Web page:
My body is constantly pumping out stress hormones which lead me to suspect that the decompensation is as much physical as it is psychological.
I become so physically exhausted that I can’t function.
This is especially true when I’m alone.
I can organize around the needs of the people I love when they are present.
According to the Institute of Psychiatry, Psychology and Neuroscience in South London,
“The symptoms of psychosis and the symptoms of PTSD are alike. The vivid flashbacks of PTSD can be similar to, or the same as, hallucinations. The intense fear and ‘re-experiencing’ symptoms of PTSD can be akin to delusions that people who have psychosis experience.”
Both PTSD and psychosis can lead to disturbed sleep patterns, difficulty concentrating, personal neglect and withdrawal from other people. The paranoia (see Paranoia page) often associated with psychosis can mirror the hyper-vigilance that people with PTSD may experience.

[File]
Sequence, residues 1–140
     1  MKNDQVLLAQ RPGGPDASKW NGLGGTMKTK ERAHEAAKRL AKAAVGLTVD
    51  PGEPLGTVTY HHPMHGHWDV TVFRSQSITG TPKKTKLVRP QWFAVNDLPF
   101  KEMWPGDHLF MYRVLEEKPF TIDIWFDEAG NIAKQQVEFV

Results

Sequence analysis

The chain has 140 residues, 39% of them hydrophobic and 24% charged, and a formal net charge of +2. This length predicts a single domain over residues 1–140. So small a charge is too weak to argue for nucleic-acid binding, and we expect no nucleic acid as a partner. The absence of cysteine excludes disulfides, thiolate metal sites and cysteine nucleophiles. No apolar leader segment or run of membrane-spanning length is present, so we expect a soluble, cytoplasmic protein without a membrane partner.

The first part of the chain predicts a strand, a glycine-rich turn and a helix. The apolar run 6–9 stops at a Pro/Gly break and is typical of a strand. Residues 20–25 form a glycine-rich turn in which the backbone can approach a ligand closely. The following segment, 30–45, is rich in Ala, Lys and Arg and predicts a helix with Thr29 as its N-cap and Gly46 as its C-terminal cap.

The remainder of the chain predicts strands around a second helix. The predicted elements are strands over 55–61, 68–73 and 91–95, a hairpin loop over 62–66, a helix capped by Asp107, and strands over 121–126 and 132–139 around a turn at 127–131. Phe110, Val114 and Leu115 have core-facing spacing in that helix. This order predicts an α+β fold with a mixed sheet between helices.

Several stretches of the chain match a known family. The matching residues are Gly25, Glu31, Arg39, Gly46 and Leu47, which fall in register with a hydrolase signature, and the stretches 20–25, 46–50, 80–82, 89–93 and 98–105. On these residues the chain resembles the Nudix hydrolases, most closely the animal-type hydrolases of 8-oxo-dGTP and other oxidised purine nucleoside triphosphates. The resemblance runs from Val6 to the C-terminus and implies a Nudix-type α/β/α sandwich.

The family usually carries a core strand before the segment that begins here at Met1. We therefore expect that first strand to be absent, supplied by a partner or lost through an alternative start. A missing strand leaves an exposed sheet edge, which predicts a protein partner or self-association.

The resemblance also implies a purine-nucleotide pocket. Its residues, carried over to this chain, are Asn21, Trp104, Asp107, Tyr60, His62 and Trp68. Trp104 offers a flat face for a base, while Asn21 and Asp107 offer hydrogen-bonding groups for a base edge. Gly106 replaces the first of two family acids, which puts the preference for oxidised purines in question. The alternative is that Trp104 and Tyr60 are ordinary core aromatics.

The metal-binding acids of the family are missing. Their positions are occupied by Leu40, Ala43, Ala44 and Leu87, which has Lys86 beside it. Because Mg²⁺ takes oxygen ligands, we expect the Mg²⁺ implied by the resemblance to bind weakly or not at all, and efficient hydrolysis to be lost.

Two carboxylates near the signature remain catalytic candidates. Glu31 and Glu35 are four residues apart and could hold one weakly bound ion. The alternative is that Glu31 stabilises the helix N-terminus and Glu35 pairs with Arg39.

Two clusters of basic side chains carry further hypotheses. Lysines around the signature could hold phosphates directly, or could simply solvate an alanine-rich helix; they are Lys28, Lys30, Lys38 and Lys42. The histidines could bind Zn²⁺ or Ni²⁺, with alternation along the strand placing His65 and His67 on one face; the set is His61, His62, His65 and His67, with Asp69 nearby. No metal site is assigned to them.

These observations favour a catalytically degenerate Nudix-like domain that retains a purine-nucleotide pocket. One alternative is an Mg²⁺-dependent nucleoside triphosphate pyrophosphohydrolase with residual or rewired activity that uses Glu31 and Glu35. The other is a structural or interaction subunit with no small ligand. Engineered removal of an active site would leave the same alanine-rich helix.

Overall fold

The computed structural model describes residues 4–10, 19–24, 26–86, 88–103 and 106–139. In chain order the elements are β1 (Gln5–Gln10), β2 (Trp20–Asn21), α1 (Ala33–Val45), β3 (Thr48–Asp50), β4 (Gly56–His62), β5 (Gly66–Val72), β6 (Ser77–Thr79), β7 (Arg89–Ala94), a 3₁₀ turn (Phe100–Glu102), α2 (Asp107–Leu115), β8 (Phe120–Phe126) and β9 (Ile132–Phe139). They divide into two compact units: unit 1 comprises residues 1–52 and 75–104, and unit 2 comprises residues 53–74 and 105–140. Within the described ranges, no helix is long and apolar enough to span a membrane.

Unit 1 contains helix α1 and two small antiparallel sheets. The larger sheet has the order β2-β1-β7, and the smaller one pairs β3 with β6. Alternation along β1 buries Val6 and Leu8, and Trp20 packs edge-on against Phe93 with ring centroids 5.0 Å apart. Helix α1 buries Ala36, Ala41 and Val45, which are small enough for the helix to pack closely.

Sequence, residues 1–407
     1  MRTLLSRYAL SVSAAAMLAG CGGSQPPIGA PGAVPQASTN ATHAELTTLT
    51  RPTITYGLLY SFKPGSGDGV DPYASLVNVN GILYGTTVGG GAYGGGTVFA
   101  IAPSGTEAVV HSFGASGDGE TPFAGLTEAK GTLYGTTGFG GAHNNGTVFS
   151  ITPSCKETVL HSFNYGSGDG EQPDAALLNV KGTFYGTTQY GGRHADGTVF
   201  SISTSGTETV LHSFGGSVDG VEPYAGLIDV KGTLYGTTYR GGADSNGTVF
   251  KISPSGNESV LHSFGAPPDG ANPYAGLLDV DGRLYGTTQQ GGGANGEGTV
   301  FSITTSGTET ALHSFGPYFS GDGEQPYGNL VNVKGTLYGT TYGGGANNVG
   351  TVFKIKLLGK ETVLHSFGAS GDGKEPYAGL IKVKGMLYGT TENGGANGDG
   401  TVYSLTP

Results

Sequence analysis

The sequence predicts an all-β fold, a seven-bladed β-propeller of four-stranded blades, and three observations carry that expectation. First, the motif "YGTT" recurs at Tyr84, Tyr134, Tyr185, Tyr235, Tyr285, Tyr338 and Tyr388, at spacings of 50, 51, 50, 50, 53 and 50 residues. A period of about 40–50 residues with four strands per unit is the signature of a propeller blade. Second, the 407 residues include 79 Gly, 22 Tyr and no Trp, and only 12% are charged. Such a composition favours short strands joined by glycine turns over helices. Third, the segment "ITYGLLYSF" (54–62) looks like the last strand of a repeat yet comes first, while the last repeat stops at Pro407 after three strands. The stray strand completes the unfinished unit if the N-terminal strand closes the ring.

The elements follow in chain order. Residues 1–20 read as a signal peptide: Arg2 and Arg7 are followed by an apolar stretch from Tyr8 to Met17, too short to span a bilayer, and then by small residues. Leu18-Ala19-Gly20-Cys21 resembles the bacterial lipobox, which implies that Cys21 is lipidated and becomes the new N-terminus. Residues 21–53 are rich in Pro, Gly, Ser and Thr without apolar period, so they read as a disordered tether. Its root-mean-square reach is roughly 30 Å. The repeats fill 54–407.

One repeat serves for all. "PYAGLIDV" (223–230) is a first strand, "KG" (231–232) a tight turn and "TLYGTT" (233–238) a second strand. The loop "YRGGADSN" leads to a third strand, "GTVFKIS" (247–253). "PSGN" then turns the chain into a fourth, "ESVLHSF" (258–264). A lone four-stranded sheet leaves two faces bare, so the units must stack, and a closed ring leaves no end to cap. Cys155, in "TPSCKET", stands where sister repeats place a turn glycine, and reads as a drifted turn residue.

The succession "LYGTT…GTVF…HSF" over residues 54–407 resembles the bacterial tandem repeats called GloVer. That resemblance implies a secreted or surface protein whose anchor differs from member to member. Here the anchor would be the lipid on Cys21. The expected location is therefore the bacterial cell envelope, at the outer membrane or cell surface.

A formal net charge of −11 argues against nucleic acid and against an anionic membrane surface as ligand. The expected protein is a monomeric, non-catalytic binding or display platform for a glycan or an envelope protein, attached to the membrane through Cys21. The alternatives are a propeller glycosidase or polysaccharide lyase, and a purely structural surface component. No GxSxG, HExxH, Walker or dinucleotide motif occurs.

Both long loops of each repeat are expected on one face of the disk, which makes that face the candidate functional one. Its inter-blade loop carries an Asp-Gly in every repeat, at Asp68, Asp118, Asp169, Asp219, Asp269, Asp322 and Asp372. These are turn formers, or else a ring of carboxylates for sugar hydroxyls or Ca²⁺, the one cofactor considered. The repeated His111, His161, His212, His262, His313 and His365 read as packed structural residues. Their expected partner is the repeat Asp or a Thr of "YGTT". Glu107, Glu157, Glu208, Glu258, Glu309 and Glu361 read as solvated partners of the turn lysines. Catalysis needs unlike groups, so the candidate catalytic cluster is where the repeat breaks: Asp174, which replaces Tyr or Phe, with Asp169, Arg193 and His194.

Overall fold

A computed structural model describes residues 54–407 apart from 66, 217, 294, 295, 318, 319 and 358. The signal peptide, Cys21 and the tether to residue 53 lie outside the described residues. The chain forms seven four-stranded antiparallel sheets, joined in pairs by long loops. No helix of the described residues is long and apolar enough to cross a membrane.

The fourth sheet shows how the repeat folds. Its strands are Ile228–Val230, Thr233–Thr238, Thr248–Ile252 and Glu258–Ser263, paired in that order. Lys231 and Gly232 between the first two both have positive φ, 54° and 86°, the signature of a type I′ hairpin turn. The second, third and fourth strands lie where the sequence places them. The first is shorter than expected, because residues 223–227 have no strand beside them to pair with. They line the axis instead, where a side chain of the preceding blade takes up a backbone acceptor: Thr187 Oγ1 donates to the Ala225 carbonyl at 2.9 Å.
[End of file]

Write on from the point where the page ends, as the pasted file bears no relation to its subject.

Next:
If someone is hearing voices or other sounds, or seeing and smelling things that others cannot see or smell, they may be re-experiencing a trauma and not experiencing the symptoms of psychosis.
However, GPs and mental health professionals may attribute the voices and other symptoms to psychosis and not consider PTSD as a possible explanation.
Researchers think people may sometimes be misdiagnosed, particularly if GPs and mental health professionals don’t ask about past traumatic events.
Misdiagnosis can lead to mistreatment: people may be prescribed anti psychotic medication, which is not the National Institute for Health and Care Excellence-recommended treatment for PTSD.”